I wanted to create something with a bit of wow factor, to fit in with the Christmas celebrations and decided a joconde imprime torte would be the way to do it. It sounds a bit daunting, but it’s actually quite a simple yet very effective technique. You pipe a design onto your parchment using a special cake batter and freeze it before putting a swiss roll batter of a different colour over the top of the frozen cake batter and baking it. Freezing the design stops the two batters mixing together before you bake it. Then when you turn it out, you have a perfectly piped design on the underside of the sponge. Clever!

This joconde sponge is very flexible and it is used to line the sides and base of a ring mould which you can then fill with whatever takes your fancy. I decided to use a rich dark chocolate mousse with a layer of fresh cranberry compote for a festive flavour.

My joncode sponge was decorated with a piped snowflake design to make it extra Christmassy. I think it worked well although I was annoyed my silicone paper crinkled slightly in the oven after being transferred from the freezer, so the finished underside of my sponge was a little crinkled in places. I’ll make sure to use one of those stiff silicone mats next time. The effect was still good though.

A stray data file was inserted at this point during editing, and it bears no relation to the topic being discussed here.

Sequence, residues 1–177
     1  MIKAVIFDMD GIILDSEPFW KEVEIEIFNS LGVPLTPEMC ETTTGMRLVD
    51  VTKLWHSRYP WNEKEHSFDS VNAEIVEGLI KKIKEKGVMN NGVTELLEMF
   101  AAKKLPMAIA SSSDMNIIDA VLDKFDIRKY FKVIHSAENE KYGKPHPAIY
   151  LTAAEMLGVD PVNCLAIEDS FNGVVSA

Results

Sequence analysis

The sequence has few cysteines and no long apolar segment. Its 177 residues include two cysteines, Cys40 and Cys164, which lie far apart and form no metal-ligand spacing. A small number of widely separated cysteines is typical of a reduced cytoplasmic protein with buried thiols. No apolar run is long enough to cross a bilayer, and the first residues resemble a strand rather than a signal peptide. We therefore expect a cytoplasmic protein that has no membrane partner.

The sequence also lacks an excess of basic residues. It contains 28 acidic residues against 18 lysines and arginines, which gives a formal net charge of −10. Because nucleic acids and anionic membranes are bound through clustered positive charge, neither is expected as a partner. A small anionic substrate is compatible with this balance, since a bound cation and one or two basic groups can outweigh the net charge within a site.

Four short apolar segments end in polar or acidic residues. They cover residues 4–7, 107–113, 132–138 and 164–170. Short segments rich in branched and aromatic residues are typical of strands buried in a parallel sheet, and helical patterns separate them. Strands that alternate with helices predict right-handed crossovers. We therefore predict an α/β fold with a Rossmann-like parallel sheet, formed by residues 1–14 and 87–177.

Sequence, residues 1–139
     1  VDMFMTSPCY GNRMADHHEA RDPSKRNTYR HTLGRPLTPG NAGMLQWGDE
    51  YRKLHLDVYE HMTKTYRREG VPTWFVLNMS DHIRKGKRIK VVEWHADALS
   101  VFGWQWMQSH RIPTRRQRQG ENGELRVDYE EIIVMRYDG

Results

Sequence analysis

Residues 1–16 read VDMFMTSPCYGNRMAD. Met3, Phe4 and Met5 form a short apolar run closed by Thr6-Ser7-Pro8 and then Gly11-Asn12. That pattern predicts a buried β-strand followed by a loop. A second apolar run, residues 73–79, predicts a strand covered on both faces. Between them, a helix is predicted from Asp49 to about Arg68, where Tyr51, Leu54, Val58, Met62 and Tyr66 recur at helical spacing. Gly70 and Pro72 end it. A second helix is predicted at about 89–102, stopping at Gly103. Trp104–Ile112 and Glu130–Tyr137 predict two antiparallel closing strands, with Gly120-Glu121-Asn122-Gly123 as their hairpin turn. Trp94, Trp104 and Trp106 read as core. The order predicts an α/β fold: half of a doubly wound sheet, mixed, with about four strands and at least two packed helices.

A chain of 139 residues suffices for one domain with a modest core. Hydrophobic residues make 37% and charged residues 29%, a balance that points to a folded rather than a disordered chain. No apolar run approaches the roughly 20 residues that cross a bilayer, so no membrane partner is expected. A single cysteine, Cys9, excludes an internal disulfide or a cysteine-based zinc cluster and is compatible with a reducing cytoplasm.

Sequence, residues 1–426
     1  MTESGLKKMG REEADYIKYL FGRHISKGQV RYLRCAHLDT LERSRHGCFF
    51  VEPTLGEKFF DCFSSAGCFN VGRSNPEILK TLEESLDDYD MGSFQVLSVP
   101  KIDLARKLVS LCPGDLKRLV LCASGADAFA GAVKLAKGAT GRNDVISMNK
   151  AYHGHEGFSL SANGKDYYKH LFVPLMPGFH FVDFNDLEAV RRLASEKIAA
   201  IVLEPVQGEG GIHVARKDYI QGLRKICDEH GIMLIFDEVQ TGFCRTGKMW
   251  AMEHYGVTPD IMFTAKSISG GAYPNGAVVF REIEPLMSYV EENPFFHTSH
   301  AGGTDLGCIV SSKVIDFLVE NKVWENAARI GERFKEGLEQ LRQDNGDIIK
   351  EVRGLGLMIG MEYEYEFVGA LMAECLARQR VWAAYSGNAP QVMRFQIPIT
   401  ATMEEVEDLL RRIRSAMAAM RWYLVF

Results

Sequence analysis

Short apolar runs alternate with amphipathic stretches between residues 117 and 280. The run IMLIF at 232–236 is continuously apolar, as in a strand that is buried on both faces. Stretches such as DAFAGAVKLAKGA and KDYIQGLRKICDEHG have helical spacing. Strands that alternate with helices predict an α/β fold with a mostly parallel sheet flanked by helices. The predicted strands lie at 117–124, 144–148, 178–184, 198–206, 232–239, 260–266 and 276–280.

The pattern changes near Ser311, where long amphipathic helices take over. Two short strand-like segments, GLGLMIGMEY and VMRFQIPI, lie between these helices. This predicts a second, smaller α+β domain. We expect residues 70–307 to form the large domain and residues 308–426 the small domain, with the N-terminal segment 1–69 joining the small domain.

I topped the torte with a hot water ganache which gave a lovely glossy finish. The finished torte was divine. Moist, light sponge filled with an airy, creamy, rich dark chocolate mousse with a hidden layer of the tart and tangy cranberry sauce. The fudgy chocolate glaze added an extra chocolaty hit. It tasted amazing! It was completely indulgent and intensely chocolaty but not in the least heavy or stodgy, perfect after a big Christmas meal.

All my family loved it and there were actually arguments over the leftovers the following day. I’ll be making this again for sure! It takes a little bit of time to make, as there are quite a few processes and the mousse has to chill in the fridge overnight, but don’t let that put you off. You could just make a plain joconde sponge and not bother with the design and then use a shop bought cranberry sauce to make things simpler.